What’s a few hundred miles between rescuers
I don’t want to take anything away from the awesome effort involved in the rescue of three sailors off the WA coast this week, by the crew of HMAS Parramatta and especially the physical effort of the RAN diver lowered from the helicopter in very rough and probably cold conditions.
But I do need to take issue with a lack of attention to detail in the writing and checking of the details of this story.
The story as put out in a press release (see below) on 19 March, while the ship was still at sea – and I do at least commend Defence for the timely information – clearly says the stricken yacht was 1300km off the West [sic] Australian coast.
However, the caption for the photo above says it was “nearly 450 nautical miles”.
But, 450 nautical miles = 833km.
This is a significant discrepancy in what should be easily verifiable ‘facts’ in a story that Defence PR pushed out to every newspaper, magazine, TV channel and radio station in Australia, and some overseas.
For those editors who noticed the discrepancy, doubt is instantly implanted in their minds and probably in many cases saw the story tossed in the bin as ‘another’ poor effort from Defence PR (which already has a poor reputation among Australian media to start with).
If this happened, the hard-working guys and girls on HMAS Parramatta are done a major disservice.
But, if the story gets published as is, the Australian public may or may not be misinformed – because which figure does the editor who notices run with?
Or, does the caring, pedantic editor highlight the error and let the Australian public pick their own version?
In this day and age of ‘verifiable facts’ and ‘alternative truths’, surely the ADF should be capable of getting simple ‘facts’ right?
And here’s another thing – “1300km off the Western Australian coast” could actually place the yacht anywhere north of Indonesian to half way to Antarctica!!!
Even the qualifying addition of ‘southern [which isn’t a noun] Indian Ocean’ is a vague arm wave that could encompass anywhere broadly abeam Exmouth to half way to Antarctica.
For the record, the Australian Maritime Safety Authority, in their own press release, more definitively (with a map), placed it “1300 kilometres southwest of Cape Leeuwin”.
Here’s a funny followup to this story…
A Canadian web site, The Oye! Times, ostensibly “a refreshing news website”, published this press release, with zero editing and, despite the fact there was a link in the press release to photos of the actual rescue, went on their own hunt for a ‘suitable’ file photo – and came up with this beauty…
Anyway, below is Defence’s press release, unedited. And if you want to see CONTACT’s edited version, see here – noting a few other differences….
- ‘West Australian’ coast, which should have been either west Australian or Western Australian
- ‘are recovering’ in the first para, followed by ‘in good health’ in para 7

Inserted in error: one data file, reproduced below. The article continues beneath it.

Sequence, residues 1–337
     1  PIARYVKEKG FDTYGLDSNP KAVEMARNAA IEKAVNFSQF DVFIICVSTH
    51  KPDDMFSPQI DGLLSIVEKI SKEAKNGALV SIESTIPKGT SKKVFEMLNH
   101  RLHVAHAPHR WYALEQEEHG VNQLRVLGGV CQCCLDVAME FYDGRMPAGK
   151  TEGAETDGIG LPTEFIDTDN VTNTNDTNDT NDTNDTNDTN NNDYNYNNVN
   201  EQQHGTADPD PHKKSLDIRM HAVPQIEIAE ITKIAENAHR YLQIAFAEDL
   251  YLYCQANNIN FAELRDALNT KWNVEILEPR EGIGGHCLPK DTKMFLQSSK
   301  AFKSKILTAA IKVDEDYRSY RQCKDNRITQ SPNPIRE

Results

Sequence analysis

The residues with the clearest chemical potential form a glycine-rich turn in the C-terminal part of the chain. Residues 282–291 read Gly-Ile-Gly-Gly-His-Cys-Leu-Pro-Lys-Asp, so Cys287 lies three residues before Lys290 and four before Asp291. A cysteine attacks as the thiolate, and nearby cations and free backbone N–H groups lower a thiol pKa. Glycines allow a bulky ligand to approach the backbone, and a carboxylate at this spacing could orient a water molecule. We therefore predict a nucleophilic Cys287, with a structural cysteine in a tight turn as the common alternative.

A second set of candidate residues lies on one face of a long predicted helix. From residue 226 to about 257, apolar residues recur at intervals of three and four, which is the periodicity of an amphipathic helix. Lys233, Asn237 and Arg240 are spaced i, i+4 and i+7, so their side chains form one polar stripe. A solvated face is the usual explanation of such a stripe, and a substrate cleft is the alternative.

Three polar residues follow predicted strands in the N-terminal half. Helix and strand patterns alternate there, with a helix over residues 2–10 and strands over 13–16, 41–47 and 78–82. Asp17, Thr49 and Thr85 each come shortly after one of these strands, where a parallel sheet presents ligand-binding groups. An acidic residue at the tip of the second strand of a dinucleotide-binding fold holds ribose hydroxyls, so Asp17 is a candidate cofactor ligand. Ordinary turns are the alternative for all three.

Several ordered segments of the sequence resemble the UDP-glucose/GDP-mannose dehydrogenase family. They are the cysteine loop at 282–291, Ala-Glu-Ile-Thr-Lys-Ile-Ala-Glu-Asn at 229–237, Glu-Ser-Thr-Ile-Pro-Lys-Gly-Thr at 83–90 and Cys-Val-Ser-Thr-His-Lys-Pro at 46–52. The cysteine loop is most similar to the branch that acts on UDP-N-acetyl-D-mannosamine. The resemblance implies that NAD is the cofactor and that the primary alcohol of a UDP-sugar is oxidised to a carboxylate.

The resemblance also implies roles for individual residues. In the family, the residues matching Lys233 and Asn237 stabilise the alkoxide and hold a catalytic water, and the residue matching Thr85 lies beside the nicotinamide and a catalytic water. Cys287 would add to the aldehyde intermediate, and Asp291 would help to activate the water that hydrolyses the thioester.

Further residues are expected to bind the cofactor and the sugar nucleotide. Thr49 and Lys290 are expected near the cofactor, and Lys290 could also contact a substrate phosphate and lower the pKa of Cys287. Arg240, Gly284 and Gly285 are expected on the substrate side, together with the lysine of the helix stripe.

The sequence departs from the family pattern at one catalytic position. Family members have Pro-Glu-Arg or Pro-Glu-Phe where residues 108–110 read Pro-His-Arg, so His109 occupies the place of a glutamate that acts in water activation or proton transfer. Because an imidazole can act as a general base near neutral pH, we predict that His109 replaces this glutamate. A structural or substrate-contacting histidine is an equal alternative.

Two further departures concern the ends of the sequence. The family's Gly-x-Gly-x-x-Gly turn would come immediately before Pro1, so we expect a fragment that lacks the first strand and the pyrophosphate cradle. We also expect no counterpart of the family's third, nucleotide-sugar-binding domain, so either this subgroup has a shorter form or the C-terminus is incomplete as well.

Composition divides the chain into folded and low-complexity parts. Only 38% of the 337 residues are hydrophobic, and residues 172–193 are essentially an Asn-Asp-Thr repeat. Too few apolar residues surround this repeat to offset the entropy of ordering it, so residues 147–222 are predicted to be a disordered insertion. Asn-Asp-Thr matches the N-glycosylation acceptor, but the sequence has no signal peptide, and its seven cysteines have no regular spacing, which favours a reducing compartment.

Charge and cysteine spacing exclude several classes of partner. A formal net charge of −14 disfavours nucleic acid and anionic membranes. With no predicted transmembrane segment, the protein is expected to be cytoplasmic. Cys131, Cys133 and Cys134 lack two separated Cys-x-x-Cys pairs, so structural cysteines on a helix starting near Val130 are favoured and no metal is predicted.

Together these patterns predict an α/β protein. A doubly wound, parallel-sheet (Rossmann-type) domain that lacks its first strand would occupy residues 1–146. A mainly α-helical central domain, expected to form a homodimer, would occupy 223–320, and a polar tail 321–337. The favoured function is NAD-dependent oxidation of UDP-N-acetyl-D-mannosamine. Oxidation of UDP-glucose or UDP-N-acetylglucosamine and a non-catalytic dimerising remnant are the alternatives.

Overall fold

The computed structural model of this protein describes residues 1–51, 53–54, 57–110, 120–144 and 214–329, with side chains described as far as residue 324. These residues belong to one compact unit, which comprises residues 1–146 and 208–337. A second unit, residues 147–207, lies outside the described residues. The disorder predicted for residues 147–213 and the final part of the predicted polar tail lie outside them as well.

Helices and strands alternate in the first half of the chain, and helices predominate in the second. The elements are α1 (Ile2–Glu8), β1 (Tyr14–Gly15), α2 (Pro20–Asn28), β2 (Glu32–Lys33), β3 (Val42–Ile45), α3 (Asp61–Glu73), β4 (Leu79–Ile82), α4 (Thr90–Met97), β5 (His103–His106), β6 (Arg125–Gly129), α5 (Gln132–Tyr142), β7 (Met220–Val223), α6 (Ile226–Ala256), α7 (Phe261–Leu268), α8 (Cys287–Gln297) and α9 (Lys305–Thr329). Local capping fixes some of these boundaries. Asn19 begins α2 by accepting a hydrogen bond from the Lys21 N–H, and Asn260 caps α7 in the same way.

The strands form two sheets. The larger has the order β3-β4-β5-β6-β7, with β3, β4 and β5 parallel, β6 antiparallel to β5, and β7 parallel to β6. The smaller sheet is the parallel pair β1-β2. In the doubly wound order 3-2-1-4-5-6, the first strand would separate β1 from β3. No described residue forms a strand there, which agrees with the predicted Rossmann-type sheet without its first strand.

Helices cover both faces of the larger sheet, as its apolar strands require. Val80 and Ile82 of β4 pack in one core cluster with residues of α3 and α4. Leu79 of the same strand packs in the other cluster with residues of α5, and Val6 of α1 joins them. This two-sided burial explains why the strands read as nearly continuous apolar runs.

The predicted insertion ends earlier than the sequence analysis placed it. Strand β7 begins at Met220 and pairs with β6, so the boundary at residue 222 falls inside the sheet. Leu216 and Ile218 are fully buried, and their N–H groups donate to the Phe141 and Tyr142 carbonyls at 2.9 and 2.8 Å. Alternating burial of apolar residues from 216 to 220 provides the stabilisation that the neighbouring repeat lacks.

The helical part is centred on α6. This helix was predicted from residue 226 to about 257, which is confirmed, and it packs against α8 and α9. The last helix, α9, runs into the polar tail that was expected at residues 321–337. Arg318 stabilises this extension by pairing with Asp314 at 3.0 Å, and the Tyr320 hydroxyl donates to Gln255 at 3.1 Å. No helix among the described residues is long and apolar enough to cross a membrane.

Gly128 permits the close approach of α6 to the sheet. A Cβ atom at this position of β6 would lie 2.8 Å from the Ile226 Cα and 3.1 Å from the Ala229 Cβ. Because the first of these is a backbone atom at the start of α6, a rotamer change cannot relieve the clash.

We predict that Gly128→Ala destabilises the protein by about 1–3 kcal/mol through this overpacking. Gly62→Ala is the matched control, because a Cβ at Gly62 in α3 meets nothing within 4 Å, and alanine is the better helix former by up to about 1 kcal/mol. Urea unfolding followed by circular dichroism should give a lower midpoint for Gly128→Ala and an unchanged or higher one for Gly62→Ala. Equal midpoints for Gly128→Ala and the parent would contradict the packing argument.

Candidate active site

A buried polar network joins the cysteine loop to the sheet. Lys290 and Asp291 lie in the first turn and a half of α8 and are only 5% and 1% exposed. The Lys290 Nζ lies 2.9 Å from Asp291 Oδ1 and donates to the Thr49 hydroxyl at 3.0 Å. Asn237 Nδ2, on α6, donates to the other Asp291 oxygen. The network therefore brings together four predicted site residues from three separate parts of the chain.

- 20 or more unnecessary (and therefore incorrect) punctuations and capitalisations removed
- incorrect (as per Defence and government style guides) presentations of figures
ADF rescues stranded sailors off Western Australia
Three people are recovering on board HMAS Parramatta, after being rescued from a stricken yacht in extremely rough seas, more than 1300 kilometres off the West Australian coast, in the Southern Indian Ocean.
The crew activated an emergency response beacon, (EPIRB) after the 13 metre, South African Registered yacht; ‘Jedi 1’ lost its mast in the rough conditions.
Given the distance involved and the weather conditions, the Joint Rescue Coordination Centre, formally requested Australian Defence Force support in order to reach the sailors as quickly as possible.
HMAS Parramatta, which was already at sea off the WA coast, was tasked at short notice to conduct the operation. A Royal Australian Air Force P3 Orion was also on stand-by but was not required.
An AMSA search and rescue jet established the yacht’s location and provided the crew with communications equipment.
The crew of Parramatta’s Seahawk Helicopter, call sign ‘Blackjack’ sighted the yacht late afternoon on the 18 March 2017, and established communications with her crew.
In difficult weather conditions, which included a heavy South Westerly swell, the South African crew members of ‘Jedi 1’ were quickly winched aboard the helicopter before being returned to HMAS Parramatta in good health.
Once safely onboard Parramatta the three sailors were provided with clean clothes, food and the opportunity to contact family.
HMAS Parramatta’s Commanding Officer, Commander Simon Howard praised the ship and her crew following the successful rescue of the sailors.
“This was a very professionally executed operation, in extremely trying conditions,” he said.
“The Royal Australian Navy is extremely well equipped and our personnel, highly trained to provide specialist assistance to Search and Rescue (SAR) activities in our region.
“We remain ready and able to respond to emergencies in support of our national SAR agency.”
The Jedi 1 crew is being transported back to Albany on board Parramatta and are expected to be back on dry land mid-afternoon tomorrow, 20 March 2017.
Another comment from resident crankyman Sir Jeffrey Armiger – a retired Public Servant with a pet hate for BE – bovine excrement.
Sir Jeffrey Armiger is dedicated to the eradication of BE. Follow Sir Jeffrey on Facebook here.